' sake, called cavalry; but they had not a particle of discipline among them; they had been drilled to serve on foot, and were armed with every imaginable weapon; their horses, too, were little better than skeletons.
Finding that the enemy had fallen back the day previous before our advance-guard, we hurried forward in pursuit; but after a march of some twenty miles, the men were completely broken down from fatigue and the want of proper supplies.
On the tenth of August we camped at Wilson's Creek, about ten miles south of Springfield, and the whole country was scoured for provisions.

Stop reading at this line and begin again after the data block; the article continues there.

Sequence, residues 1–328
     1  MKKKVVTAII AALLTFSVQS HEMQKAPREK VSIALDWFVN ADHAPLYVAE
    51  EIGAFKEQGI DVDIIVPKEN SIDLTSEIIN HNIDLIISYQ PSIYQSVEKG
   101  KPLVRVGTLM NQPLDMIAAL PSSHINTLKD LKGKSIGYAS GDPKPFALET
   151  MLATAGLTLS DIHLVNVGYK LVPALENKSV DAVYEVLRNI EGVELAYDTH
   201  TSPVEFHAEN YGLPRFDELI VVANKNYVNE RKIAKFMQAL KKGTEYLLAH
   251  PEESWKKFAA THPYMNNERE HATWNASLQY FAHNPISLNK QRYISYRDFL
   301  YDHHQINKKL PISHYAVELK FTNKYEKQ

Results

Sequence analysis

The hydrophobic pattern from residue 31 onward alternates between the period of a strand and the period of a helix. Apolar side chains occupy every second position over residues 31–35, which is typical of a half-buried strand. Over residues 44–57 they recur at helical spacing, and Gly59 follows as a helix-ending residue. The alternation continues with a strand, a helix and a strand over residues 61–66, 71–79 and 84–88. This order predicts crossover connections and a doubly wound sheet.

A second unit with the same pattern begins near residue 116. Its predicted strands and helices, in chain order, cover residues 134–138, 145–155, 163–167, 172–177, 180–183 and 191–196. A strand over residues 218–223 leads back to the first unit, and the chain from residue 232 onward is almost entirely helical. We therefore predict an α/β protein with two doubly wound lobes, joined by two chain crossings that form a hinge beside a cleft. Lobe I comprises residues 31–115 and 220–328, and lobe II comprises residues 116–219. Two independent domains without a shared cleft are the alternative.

Whatever the fields produced was instantly appropriated, and many of us thanked Providence for the abundance of green corn.
Ben McCulloch had halted his advance on the right of the road, assisted by Pearce, while Price was on the left of it; and thoughtless of danger — in fact, never dreaming of Lyon being in the vicinity at all-threw out no pickets; or if any were in advance, they were few indeed